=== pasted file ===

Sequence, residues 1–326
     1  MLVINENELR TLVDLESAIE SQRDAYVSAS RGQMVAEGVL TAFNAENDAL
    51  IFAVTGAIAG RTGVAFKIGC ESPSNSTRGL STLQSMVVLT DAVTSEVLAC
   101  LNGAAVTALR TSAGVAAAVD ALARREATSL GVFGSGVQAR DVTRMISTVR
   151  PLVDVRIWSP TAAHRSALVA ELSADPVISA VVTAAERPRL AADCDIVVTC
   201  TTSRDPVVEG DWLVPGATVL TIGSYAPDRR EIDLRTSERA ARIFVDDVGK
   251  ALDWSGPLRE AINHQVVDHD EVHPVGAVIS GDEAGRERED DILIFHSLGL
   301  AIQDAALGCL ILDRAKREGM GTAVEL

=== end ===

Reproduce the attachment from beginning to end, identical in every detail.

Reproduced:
Sequence, residues 1–326
     1  MLVINENELR TLVDLESAIE SQRDAYVSAS RGQMVAEGVL TAFNAENDAL
    51  IFAVTGAIAG RTGVAFKIGC ESPSNSTRGL STLQSMVVLT DAVTSEVLAC
   101  LNGAAVTALR TSAGVAAAVD ALARREATSL GVFGSGVQAR DVTRMISTVR
   151  PLVDVRIWSP TAAHRSALVA ELSADPVISA VVTAAERPRL AADCDIVVTC
   201  TTSRDPVVEG DWLVPGATVL TIGSYAPDRR EIDLRTSERA ARIFVDDVGK
   251  ALDWSGPLRE AINHQVVDHD EVHPVGAVIS GDEAGRERED DILIFHSLGL
   301  AIQDAALGCL ILDRAKREGM GTAVEL